Doing the right things right – this commitment is one of the core values of successful organizations, including Computaris.
But what is a successful software project?
In our definition a successful software project is a project that meets its scope, timeline, budget and quality constraints. It is also a project that meets the real business need of the client and delivers satisfaction to all the stakeholders.
Usually, we tend to put focus on the first four constraints: time, budget, scope and quality. In today’s fast-paced environment it is often a challenge to consider them all, especially when there is also the pressure to reduce the first two constraints and increase the other two. However, in the context of a project there is a strong interconnection between all these constraints. Reducing the timeline leads to an increase in cost or a decrease in quality. A smaller budget may lead to a longer timeline, or a lower quality, or a reduction in scope. One cannot influence only some of the project’s aspects, while hoping that other parts will not be affected.
The actual goal of a project is stated in the business case that supports it. Working on requirements and not understanding the customer’s business need may lead to working in the wrong direction and obtaining a result that is different from what’s expected. How to prevent this? It’s all about the attitude, openness and the sincere interest in learning what the customer really needs, the context of the project and its limitations.
Assessing the success of a software project
Stakeholders’ satisfaction is what matters at the end of any project – it is also what differentiates successful projects from unsuccessful ones. If the business purpose is not achieved, the customer will not be satisfied; the same will happen if the time/scope/quality constraint is not respected. The company management will not be happy, adding to the customer’s lack of satisfaction. But there is even more: one must not forget about another major stakeholder, the Project Team. It is the personal motivation, healthy working environment and common vision of the team members that makes them get the best results in the long term.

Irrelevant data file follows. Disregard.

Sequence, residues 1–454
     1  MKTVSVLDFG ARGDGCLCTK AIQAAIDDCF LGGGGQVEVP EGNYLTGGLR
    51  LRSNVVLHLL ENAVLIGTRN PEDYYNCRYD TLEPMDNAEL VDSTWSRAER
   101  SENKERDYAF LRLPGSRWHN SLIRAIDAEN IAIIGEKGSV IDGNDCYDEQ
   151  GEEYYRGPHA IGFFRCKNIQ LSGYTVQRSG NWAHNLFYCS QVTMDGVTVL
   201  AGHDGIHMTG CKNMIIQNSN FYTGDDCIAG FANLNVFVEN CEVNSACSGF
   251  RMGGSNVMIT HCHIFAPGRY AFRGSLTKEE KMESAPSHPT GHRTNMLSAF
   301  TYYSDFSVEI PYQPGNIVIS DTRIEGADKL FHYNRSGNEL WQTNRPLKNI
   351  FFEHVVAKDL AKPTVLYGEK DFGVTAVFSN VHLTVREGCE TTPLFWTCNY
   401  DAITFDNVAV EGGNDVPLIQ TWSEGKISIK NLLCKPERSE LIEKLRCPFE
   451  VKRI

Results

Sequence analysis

The dysfunction of any of these will have a negative impact, since the team is the force moving the project ahead. The Project Manager is in the center of the influence matrix, managing himself and the team, the client, the peers and the company senior management. His satisfaction will increase when all the visible and hidden objectives of the project are met, in line with his/her personal beliefs and values. Project success depends directly on the attention to the needs and expectations of all stakeholders.
Every project has a “hard” part and a “soft” part in terms of required skills. There are many tools at the disposal of a Project Manager in order to ensure the quality of the “hard” part – starting from planning and communicating to applying SDLC procedures and reporting, and then to delivery and customer acceptance. This is the so-called “craft” of managing projects and it is rather standardized. There is also the “soft” part of the project which refers to managing relationships. It is here that the “art” is needed – the personal value that a Project Manager adds to the project; it is about his/her knowledge, experience, personal style and management preferences. And there is also a third dimension – the ability to read the power structures of the organization, to assess their potential impact on the project, and influence them the right way when needed. It is through the emergence of these three components that a project can have a successful outcome.
Why do software projects fail?
Usually this is due to setting unachievable goals or unrealistic targets, poor planning or unmanaged risk. Any gap in the above mentioned areas of project management that prove critical at a certain moment can also cause project failure. There are even situations when failure is unavoidable, and putting an end to the project in the middle of the implementation is the best thing to do.
I have always been grateful for the people I met in my life, and in Computaris I got to meet many wonderful people. People who are passionate about what they do and who are constantly improving their skills, people with a brilliant mind and a beautiful soul. These are the people that make the difference between delivering projects and delivering successful projects. Not all projects will bring the expected results – and there may be different reasons for this, but as long as we all give our best and keep an open mind, working as a team and learning from any experience, we will keep moving in the right direction.